The aim of 3D bioprinting is to marry multiple scientific fields to achieve successful fabrications of living tissue. The first step in this additive process is to draft a digital model of the desired object: artists use Computer Assisted Design (CAD) software to create 3D mockups of biological structures [2]. The software's tools allow for detailed modeling and specific tailoring regarding the porosity of engineered tissues, and ultimately provide spatial information for the precise location of cells [3]. Once the digital blueprint is complete, the scaffold is then realized via ink-jet bioprinting (uci).

The world's first commercialized bioprinter , Novogen MMX, was created by one of the leading pioneer companies in bioprinting: Organovo [4]. Upon receiving a CAD drawing, Novogen begins by outputting a single layer of hydrogel-based "biopaper" [2]. Secondly, cell aggregate-containing bioink spheroids are prepared and loaded into cartridges. Controlled by the CAD blueprint, the bioink is then deposited onto the water-based gel in specific patterns, depending on the tissue being produced [3]. Overall, this alternating process of laying down biopaper and bioink is repeated in order to build the final project [4]. After printing is done, the bioink spheroids fuse together as the biopaper dissolves away, leaving behind a complete and mature structure.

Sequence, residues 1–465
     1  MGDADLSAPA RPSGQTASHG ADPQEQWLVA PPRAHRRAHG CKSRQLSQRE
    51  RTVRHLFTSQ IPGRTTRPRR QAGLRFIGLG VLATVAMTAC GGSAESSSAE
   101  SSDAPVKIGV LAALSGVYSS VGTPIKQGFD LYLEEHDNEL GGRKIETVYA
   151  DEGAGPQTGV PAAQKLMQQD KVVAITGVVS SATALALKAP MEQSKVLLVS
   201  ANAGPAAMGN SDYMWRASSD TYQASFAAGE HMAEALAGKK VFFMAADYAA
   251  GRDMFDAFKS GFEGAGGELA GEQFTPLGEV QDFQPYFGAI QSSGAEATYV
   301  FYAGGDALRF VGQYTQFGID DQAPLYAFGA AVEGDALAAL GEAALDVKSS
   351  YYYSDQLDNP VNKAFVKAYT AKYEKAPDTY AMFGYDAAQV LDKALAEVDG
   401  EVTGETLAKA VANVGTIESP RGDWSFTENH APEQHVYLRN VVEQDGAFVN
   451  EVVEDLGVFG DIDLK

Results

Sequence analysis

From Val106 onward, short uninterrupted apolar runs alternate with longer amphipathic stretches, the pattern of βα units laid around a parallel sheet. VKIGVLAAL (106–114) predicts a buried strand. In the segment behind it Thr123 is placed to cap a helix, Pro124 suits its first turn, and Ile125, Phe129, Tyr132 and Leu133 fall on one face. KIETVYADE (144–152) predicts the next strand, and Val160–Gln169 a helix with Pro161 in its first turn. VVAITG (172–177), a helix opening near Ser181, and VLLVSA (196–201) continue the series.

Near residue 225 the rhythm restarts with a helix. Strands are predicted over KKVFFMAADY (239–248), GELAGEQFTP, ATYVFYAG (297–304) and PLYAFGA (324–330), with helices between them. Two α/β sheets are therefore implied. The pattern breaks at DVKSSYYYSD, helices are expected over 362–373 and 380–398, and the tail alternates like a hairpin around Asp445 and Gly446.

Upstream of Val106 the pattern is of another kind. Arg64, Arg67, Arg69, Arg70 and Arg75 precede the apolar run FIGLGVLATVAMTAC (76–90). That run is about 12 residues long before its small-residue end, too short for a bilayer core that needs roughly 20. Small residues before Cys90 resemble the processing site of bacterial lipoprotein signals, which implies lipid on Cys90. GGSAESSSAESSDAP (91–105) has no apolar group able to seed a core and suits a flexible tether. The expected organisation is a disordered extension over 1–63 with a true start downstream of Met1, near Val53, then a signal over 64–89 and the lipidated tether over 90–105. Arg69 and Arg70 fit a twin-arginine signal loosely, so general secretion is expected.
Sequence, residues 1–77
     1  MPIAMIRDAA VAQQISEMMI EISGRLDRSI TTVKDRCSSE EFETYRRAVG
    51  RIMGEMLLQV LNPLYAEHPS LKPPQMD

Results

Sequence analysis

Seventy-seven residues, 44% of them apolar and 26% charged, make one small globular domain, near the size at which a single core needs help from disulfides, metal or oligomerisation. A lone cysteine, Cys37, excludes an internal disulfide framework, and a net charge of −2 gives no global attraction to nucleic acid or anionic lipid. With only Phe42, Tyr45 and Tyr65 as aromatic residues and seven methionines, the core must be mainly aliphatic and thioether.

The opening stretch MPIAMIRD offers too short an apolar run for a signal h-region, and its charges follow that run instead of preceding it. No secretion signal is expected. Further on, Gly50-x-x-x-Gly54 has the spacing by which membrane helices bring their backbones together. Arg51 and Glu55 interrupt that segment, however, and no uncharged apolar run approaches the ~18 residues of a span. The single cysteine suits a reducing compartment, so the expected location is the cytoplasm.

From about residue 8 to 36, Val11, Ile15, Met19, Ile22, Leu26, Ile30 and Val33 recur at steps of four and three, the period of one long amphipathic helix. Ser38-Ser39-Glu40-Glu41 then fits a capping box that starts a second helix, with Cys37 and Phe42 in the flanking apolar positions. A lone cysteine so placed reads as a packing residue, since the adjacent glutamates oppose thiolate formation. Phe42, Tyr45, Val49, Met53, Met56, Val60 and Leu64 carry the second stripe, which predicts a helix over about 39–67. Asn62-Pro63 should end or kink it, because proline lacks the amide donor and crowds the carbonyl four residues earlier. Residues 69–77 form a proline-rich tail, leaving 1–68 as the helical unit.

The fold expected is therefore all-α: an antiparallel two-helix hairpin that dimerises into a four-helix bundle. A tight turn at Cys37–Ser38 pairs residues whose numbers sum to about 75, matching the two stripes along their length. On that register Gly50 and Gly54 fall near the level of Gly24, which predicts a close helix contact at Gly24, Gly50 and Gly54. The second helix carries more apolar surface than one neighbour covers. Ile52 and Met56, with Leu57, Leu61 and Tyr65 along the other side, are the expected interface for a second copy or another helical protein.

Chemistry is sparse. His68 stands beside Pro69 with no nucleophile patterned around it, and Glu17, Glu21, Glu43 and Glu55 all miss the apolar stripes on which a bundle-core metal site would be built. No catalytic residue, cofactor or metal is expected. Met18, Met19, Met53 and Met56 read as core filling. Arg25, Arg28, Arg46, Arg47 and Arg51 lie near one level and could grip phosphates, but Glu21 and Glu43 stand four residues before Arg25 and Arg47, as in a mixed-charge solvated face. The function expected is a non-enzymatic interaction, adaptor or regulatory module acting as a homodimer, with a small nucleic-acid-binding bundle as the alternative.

Part of what makes bioprinting so unique and revolutionary, is the fact that it is not necessary to print out every detail of an organ or a blood vessel; the cells in bioink are capable of rearranging themselves into the correct tissue order post printing [3]. The technology allows for simultaneous cellular differentiation into multiple lineages; the printed tissue construct will ideally assemble, mature, and differentiate all on its own [5]. For instance, printed blood vessels utilize an aggregate cocktail of endothelial, smooth muscle, and fibroblast cells. Upon being printed, the endothelial cells migrate to the inside of the vessel, the smooth muscle to the middle, and the fibroblasts to the outside. Additionally, in more intricate projects, delicate internal structures, such as capillaries, are also able to naturally form [4].